Euro Pool focuses on reusable packaging
Once this process is complete, trucks will need to take 20,000 to 30,000 fewer trips. Dirk says a billion EPS crates are rotated in Europe. Several hundred thousands of these are rigid crates. The green containers aren’t only collapsible. They each have a unique barcode which is scanned on entry and exit. You can, therefore, monitor them and optimise transport flows.
The barcode also makes it possible to automatically count and sort these crates while they’re being cleaned. “That means we save a lot of time and money for our end-users. They no longer have to sort the folding crates, which is the case with the rigid ones.” The barcodes will also prevent these crates from being used unlawfully.
The use of folding crates makes the transport more sustainable
Vercammen doesn’t foresee any problems with the crates’ foldability. For many clients, it’s part of the process. “Unfolding the crates, which can be slightly modified, can continue to be done manually.” The Regional Director says these collapsible crates will save time too. You need fewer pallets of these crates. “You have to pick up and place a rigid crate anyway. You can unfold these new crates while handling them.”
Some companies have automated this process. “Most of our clients realise that the collapsible crates are of good environmental value overall. They then look for folding and unfolding solutions,” Dirk concludes. EPS guides clients in how to handle these collapsible crates. Once you unfold one of these crates, you can use it exactly like you would a rigid one.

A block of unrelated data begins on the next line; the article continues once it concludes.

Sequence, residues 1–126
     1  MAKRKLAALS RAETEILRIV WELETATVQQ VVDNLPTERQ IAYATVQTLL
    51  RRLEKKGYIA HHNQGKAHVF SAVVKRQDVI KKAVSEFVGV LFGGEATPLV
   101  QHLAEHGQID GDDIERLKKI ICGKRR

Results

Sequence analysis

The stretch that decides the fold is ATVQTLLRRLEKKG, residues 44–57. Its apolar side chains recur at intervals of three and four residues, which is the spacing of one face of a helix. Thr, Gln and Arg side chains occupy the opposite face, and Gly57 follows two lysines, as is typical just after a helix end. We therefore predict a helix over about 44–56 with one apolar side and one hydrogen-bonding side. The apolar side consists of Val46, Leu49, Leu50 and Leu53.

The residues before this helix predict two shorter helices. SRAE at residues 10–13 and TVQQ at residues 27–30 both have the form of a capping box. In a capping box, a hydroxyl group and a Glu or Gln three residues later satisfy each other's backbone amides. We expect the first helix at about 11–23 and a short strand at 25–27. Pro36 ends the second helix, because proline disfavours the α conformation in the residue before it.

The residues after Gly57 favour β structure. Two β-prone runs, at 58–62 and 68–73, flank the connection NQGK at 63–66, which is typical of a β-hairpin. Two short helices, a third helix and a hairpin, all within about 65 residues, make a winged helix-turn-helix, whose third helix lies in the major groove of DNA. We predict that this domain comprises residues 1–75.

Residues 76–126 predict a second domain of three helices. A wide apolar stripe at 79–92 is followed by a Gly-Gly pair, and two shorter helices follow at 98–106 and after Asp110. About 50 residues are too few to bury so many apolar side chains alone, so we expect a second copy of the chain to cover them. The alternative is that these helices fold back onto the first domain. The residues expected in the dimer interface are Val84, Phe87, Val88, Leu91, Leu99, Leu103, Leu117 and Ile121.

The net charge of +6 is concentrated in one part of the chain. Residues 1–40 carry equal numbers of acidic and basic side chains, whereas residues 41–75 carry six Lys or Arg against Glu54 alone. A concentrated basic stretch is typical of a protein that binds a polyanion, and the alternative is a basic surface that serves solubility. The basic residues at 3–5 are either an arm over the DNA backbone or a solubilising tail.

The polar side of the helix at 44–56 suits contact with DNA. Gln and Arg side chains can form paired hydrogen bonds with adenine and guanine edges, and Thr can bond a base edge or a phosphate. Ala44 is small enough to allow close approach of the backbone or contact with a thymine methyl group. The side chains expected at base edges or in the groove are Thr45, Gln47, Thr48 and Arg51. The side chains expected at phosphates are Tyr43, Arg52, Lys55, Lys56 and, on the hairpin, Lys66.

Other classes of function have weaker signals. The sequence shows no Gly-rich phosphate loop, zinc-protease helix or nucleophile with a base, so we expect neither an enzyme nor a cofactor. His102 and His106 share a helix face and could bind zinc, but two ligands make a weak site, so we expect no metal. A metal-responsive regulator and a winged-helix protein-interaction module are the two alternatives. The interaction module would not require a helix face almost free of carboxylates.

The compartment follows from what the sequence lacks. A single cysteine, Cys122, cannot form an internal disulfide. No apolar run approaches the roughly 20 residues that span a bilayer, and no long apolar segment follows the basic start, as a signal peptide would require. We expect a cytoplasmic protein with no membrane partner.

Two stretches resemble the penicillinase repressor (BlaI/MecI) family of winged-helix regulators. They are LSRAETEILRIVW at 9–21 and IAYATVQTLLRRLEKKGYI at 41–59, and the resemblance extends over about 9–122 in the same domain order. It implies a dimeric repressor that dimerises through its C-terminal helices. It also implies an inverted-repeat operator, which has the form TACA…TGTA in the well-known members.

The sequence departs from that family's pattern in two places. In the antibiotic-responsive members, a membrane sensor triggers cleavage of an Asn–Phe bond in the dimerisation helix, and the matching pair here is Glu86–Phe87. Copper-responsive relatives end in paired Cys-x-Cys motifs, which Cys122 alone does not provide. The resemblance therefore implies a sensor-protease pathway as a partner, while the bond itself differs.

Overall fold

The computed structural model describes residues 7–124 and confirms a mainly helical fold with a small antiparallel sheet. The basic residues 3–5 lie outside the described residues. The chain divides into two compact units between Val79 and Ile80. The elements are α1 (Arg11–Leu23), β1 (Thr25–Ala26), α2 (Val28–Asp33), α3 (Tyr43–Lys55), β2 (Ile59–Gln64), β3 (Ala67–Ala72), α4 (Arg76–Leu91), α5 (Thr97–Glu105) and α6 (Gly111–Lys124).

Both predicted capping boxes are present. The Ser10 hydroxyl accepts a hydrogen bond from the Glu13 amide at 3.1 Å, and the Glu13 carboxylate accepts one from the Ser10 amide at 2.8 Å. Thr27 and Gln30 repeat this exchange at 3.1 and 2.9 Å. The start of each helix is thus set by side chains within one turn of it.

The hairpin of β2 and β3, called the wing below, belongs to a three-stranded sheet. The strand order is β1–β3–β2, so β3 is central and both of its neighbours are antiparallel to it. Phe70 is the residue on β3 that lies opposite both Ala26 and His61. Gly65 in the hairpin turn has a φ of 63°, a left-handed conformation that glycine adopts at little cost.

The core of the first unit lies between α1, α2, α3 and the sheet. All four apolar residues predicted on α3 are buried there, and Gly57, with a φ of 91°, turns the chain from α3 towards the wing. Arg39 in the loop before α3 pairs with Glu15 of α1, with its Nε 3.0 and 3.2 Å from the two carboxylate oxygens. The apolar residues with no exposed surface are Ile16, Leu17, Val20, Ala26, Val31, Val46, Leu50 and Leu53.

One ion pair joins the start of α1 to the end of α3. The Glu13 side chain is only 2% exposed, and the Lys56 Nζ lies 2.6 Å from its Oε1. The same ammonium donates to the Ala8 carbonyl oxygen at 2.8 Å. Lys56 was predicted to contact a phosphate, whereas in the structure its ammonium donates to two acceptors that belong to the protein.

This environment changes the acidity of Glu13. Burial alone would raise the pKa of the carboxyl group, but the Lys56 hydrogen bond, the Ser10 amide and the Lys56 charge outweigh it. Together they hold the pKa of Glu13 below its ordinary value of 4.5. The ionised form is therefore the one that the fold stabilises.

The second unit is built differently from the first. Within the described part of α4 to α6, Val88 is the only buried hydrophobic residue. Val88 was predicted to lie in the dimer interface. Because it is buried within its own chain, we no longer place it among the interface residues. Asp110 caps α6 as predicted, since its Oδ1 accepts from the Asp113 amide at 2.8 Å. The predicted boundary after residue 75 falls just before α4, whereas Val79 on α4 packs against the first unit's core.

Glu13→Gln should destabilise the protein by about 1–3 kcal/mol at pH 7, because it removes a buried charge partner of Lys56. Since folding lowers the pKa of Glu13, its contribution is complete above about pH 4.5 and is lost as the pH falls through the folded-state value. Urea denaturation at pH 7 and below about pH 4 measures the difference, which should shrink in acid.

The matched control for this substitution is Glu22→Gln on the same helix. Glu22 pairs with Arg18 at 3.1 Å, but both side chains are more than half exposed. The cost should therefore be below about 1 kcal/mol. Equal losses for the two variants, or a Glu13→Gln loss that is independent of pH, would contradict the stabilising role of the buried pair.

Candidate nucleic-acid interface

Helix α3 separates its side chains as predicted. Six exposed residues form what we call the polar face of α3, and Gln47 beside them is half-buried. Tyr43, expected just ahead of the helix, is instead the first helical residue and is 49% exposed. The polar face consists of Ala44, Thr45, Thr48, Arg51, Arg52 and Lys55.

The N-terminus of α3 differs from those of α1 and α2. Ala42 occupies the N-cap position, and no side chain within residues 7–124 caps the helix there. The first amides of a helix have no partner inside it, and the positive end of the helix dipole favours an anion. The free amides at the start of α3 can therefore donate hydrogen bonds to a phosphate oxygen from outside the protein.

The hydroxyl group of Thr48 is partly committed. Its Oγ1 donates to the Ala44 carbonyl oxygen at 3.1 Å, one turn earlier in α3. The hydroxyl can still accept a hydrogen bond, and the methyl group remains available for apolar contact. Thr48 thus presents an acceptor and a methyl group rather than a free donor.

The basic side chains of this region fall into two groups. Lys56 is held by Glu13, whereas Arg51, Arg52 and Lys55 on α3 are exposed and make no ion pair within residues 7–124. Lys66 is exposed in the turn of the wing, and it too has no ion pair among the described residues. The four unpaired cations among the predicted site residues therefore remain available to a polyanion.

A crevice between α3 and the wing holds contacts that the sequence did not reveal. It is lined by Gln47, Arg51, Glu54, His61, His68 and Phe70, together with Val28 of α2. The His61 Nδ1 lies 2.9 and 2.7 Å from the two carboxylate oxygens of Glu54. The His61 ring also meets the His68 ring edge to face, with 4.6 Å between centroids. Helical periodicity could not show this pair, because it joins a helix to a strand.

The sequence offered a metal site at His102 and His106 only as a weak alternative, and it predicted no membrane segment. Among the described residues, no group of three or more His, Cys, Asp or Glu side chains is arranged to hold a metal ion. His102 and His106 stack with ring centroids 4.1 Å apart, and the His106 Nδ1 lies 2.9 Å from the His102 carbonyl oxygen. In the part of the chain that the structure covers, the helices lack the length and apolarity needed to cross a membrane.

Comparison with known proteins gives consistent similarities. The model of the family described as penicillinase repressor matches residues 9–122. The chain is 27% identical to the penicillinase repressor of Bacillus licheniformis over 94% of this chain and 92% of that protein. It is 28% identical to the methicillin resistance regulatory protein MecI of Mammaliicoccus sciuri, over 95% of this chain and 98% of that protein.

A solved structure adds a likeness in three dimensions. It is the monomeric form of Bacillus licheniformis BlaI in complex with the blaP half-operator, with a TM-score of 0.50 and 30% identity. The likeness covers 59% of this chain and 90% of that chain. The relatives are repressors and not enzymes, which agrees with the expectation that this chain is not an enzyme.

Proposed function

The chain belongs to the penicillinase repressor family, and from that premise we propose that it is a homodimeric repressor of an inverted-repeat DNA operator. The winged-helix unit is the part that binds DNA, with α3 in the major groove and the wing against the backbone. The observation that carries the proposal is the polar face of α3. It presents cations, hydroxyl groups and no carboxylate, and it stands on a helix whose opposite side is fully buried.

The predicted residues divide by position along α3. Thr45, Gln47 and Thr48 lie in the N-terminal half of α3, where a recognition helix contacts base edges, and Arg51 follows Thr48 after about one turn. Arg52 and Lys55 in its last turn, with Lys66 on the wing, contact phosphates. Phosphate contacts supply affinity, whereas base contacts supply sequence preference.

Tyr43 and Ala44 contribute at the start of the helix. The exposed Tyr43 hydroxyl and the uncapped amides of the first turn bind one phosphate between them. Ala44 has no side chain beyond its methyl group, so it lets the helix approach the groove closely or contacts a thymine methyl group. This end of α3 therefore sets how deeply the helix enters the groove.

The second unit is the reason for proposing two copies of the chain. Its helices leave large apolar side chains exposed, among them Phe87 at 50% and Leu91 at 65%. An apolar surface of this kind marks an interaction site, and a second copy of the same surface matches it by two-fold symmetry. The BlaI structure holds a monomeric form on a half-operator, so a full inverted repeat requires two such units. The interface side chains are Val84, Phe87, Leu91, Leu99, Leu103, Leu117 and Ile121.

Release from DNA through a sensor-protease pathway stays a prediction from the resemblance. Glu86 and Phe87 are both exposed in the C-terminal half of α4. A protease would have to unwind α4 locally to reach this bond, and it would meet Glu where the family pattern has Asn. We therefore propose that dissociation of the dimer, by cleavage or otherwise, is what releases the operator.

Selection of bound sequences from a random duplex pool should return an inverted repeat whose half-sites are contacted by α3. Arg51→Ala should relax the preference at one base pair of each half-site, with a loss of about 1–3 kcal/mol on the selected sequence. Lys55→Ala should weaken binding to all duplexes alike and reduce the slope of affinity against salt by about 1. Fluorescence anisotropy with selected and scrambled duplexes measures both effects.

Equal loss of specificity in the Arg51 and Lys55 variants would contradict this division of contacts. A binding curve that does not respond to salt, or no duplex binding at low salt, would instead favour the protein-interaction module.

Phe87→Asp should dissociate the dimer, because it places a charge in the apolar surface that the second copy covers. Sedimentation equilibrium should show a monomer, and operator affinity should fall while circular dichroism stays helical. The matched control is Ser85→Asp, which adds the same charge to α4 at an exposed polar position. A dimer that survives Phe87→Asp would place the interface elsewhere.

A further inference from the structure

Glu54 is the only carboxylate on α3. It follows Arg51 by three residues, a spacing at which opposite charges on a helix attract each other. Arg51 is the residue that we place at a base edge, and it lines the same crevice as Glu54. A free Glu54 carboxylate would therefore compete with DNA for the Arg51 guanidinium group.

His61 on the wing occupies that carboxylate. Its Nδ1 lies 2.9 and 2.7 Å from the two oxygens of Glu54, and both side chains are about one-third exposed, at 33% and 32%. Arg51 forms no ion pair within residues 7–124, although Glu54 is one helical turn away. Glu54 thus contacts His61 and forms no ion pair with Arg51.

“Every change offers opportunity,” says Hans van Noesel about removing rigid crates from the rental pool. Hans is the Benelux Sales and Marketing Manager at Schiphorst Transport & Opslagtechniek. This Dutch company manufactures and distributes plastic logistics solutions. He says they’ve received more inquiries since this change was announced. Clients are also considering their own situations more carefully.
“They have to choose what kind of crate they want to use. And whether to rent or own these. This decision depends on many factors.” For example, clients often start as part of a pool. “That has its advantages, but growers’ associations sometimes have closed pools. Then it might be better to purchase crates. These eventually pay for themselves.”